On March 22, 2019, the Massachusetts Joint Education Committee held a day-long hearing on overhauling how the state funds its schools. The legislators on the Committee sought community input on the numerous bills currently being debated, all of which have slightly different approaches to creating a more equitable school finance system in Massachusetts.
Theresa Thalhamer, an E4E-Boston member and high school science and special education teacher, submitted testimony in support of S.238, The Education PROMISE Act. She cited the PROMISE Act’s superior approach to increasing funding for special education as her main reason for supporting it over the other options. You can read her testimony in full below.
To read more about Theresa and the education policy solutions she is passionate about, check out her interview for our Chalk Talk series.
I have been a special educator and science teacher at an urban public school for 4 years. During that time I have witnessed the damage that inequitable funding enacts on my students. Some of my kids enter high school with a first- or second-grade reading level because their previous schools could not afford the necessary supports to help them learn.
If you want to get even an inkling of what it feels like to be constantly overwhelmed by almost everything you read, go and find a mechanical engineering textbook or any other graduate level text from an unfamiliar field and try to comprehend it on the first try. You will probably feel a high level of frustration that is similar to how my students feel when they try to read texts that are ostensibly their grade level.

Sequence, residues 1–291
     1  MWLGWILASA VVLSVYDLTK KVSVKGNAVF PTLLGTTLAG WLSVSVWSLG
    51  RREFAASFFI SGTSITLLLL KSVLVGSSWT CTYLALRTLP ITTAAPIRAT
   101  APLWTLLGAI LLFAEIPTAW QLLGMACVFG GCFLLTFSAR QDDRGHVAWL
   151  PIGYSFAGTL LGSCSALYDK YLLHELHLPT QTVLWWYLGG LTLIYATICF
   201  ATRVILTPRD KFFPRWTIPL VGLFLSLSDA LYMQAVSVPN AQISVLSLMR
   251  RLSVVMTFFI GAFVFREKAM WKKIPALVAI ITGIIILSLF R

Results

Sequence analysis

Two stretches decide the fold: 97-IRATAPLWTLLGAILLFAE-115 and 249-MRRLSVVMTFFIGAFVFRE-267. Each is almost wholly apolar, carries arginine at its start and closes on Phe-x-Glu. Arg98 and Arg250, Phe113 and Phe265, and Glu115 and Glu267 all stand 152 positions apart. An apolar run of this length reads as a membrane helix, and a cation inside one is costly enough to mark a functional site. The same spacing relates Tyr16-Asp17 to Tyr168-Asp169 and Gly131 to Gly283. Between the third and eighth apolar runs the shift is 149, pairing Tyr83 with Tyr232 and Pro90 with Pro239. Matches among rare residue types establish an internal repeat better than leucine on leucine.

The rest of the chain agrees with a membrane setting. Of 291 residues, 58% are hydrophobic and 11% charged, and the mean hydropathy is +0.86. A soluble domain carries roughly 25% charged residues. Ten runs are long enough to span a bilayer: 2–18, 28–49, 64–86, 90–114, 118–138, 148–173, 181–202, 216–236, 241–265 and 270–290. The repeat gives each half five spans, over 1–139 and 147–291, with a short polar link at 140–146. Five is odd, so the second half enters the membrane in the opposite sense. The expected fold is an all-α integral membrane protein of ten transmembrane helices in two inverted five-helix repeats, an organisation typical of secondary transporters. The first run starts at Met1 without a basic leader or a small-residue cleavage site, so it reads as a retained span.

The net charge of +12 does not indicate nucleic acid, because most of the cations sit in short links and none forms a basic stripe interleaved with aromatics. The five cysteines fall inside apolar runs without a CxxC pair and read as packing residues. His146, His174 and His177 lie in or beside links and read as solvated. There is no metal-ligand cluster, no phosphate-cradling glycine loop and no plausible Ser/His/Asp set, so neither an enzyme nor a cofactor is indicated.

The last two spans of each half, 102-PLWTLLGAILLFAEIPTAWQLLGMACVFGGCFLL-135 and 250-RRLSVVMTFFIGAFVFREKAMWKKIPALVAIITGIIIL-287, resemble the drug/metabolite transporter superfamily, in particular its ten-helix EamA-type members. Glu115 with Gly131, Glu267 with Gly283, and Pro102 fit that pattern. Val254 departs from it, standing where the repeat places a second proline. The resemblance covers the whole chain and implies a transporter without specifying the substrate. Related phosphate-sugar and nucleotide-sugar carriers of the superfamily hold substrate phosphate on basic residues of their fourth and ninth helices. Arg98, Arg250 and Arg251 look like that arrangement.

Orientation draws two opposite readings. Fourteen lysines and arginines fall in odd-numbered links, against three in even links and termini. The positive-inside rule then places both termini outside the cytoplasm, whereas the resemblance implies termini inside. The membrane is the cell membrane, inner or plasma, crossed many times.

The current school funding formula undercounts special education enrollment, leading to a chronic lack of funding that has left behind generations of students. As much as we’d like to be able to provide all of the necessary supports ourselves, I am not a trained reading teacher, speech-language pathologist, or counselor. It takes a whole team of professionals to help all of our students be successful, and those teams cost money.
Our current school finance system does not provide adequate resources for the needs of our special education students. The PROMISE Act would increase Boston’s Chapter 70 aid by modernizing the funding formula for ELL and special education students, two populations that are most at-risk to not be on grade-level in reading. After 25 years, it is time we updated our formula to reflect the needs of a modern school. I urge you to commit to our students and pass the PROMISE Act into law.
Thank you very much for taking the time to listen to my testimony and for your continued efforts to providing a great education to our next generation.